Has the Fed lost its way?
The Federal Reserve System celebrates its 100th birthday this year. Rather than hold a self-congratulatory party, the Philadelphia Fed convened a policy forum that looked at current policy in an historical context, asking what the Fed is doing wrong and whether it is straying from established principles of sound central banking.
While there was some criticism of the Fed’s role in the Financial Crisis and evocations of Walter Bagehot, the focus was more on what the Fed is doing now—particularly on Quantitative Easing and asset purchases. While QE1 succeeded in shoring up the economy, it’s unclear whether QE2 and QE3 have accomplished much beyond expanding the Fed’s balance sheet. Inflation seems tame, but a review of the ‘60s and ‘70s is cautionary: in 1970 inflation appeared low and the Fed became highly stimulative—just on the eve double-digit price rises.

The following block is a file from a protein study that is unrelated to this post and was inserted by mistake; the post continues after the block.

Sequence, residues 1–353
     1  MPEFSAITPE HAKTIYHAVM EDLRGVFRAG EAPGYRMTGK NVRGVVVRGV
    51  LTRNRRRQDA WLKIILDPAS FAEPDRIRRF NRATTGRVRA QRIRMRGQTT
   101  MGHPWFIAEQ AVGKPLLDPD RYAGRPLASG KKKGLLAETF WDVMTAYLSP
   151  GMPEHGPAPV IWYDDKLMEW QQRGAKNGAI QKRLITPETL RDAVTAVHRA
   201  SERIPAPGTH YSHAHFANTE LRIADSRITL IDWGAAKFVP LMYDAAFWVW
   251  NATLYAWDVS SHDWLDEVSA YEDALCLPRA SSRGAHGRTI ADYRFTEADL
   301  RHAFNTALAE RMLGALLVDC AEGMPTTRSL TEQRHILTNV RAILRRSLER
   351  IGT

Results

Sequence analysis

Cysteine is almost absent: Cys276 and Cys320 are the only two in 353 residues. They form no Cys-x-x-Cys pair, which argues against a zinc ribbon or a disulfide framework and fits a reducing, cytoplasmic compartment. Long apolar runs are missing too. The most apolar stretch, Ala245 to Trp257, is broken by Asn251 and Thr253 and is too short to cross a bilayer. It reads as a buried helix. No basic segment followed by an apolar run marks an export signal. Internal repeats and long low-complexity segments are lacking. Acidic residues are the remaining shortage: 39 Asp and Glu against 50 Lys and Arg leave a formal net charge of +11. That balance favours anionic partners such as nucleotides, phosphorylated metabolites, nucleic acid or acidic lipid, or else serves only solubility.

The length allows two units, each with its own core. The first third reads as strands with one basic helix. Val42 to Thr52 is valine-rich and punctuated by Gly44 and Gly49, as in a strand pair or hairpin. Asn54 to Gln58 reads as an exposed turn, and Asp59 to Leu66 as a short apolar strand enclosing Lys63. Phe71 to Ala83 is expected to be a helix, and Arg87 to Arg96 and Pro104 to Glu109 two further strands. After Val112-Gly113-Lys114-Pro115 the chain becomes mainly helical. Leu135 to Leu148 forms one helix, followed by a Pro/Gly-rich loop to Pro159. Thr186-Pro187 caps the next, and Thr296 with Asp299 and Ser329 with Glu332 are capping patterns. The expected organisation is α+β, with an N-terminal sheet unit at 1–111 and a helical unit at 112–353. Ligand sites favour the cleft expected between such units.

Going forward, the Fed is likely to reduce its asset purchases and rely more on forward-looking communications. But transparency is not a panacea: economic conditions are bound to be more complex than we think, and too-frequent communication and revision can confuse rather than clarify.
As long as we use money, monetary policy will be controversial. Serious self-criticism is a hopeful sign that we won’t simply repeat the mistakes of the past.
Douglas R. Tengdin, CFA
Chief Investment Officer